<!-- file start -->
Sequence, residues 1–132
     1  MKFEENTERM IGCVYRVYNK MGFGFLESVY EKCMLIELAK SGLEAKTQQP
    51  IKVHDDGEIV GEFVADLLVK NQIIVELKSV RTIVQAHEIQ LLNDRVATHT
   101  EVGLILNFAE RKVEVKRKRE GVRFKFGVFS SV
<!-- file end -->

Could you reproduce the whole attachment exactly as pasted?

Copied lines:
Sequence, residues 1–132
     1  MKFEENTERM IGCVYRVYNK MGFGFLESVY EKCMLIELAK SGLEAKTQQP
    51  IKVHDDGEIV GEFVADLLVK NQIIVELKSV RTIVQAHEIQ LLNDRVATHT
   101  EVGLILNFAE RKVEVKRKRE GVRFKFGVFS SV